Separating Sheep from Goats investigates the history of collecting and exhibiting Chinese art through the lens of the career of renowned American curator and museum director Sherman E Lee (1918-2008). Drawing upon artworks and archival materials, Noelle Giuffrida excavates an international society of collectors, dealers, curators, and scholars who constituted the art world in which Lee operated.
It’s always been a pleasure to handle a Folio Society book, and having three of them at one time, all on Asian themes, was even better.
Wu Changshi 吳昌碩 was an extraordinary artist and a major force in late-nineteenth- and early twentieth-century Chinese art. A true literatus in a changing cultural landscape, he combined the traditional scholarly arts with popular subject matter in a manner that would revolutionize painting. The following series of “views” represent an accumulation of forays into an understanding of Wu Changshi (also pronounced Wu Changshuo, 1844–1927).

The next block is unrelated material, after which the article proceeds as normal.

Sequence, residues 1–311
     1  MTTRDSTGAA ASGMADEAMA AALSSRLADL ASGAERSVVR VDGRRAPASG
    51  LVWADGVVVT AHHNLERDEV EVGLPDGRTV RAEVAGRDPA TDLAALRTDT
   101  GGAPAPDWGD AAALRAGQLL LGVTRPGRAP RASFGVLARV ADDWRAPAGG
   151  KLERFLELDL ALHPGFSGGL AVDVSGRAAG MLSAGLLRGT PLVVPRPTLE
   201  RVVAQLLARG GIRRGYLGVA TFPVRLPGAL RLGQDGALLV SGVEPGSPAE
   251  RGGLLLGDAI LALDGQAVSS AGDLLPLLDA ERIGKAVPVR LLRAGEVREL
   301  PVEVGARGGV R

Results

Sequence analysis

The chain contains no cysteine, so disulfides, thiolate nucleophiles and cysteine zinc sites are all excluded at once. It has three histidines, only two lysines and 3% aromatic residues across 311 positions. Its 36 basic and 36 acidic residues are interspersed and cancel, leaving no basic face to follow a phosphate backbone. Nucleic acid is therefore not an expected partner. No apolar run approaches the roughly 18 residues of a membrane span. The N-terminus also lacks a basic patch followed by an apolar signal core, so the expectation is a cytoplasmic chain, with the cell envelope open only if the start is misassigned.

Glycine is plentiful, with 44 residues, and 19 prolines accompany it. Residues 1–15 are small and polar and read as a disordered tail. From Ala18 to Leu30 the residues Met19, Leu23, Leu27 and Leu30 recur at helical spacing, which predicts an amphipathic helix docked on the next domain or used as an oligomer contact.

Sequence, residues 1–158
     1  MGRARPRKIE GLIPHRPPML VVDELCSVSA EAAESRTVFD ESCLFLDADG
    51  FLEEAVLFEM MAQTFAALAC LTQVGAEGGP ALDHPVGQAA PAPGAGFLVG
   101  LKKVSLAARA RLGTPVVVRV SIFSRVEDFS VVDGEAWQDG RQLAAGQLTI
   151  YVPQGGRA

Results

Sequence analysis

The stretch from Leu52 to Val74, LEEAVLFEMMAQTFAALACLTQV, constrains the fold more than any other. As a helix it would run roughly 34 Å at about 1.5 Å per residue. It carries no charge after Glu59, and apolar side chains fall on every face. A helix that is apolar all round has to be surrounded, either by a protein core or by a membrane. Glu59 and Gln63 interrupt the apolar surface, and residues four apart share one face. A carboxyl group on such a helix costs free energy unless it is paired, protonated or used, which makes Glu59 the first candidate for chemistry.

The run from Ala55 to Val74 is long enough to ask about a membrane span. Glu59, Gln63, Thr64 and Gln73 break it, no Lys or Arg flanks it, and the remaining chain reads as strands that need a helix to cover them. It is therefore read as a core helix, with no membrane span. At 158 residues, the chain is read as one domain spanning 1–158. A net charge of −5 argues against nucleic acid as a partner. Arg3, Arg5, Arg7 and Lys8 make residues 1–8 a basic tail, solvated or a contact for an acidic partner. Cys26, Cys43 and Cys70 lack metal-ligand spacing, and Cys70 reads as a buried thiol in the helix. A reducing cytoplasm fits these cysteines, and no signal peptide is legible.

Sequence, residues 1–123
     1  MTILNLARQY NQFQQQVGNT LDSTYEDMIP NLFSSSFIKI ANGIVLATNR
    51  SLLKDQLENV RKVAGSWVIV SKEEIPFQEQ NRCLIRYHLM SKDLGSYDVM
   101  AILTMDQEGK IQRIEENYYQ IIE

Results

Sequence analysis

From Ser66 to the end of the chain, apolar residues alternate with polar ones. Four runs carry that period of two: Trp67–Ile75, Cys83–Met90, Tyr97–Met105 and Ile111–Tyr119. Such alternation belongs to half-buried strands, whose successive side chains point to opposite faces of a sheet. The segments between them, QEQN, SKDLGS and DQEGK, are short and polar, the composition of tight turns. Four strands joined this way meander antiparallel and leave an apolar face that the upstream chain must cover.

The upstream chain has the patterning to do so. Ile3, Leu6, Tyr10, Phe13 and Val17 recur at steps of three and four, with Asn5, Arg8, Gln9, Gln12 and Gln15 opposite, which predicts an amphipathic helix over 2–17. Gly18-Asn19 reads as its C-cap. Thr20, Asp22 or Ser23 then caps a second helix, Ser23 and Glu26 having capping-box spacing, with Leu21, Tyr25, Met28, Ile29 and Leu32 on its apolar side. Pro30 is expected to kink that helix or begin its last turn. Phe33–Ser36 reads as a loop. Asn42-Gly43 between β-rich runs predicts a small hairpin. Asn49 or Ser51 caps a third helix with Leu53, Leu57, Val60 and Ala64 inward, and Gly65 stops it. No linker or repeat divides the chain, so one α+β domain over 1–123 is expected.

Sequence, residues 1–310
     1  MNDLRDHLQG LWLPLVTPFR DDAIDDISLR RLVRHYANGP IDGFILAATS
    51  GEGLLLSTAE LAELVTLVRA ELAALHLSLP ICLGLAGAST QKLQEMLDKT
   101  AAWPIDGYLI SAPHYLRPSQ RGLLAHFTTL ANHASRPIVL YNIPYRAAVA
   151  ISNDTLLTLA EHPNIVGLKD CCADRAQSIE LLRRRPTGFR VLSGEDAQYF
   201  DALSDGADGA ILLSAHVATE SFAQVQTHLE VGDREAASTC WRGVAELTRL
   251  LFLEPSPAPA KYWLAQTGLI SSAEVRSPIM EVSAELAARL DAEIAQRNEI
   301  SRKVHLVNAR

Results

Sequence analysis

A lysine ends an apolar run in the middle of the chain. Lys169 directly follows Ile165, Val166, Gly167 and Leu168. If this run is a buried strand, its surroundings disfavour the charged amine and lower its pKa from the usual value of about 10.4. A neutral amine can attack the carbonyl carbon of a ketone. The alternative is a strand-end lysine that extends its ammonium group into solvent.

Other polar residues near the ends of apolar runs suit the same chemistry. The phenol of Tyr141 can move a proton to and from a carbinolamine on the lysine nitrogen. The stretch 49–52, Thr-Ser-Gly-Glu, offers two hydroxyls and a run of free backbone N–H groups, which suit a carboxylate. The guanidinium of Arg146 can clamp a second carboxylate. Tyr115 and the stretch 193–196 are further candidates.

A few years ago, President Xi Jinping gave a speech which offered his views on the role art should play in Chinese life.
Knowingly or not, anyone who has spent much time at all on what used to be called the “China Coast” will surely have come across the paintings of the George Chinnery, an English artist active in Macau in the second quarter of the 19th century. Whatever profile Chinnery may have in the broader painterly pantheon, in Hong Kong and Macau he is the closest to an artistic native son that the Western colonial tradition has.
If you were to visit the British Museum and take a quick look at HC Cornelius’s View of the ruins of a Bramin temple at Brambanang, you might surmise that it is an exquisite piece of landscape art, depicting a typical rural scene in early 19th-century Java.
A photograph captures an instant frozen in time; old photographs therefore take on a higher significance precisely as a record of the past. Photography was born roughly at the same time that Hong Kong entered world history in the early 1840s; the emerging British colony soon attracted photographers of international repute on their first trips to Asia, and local photography studios were already being set up in the 1850s.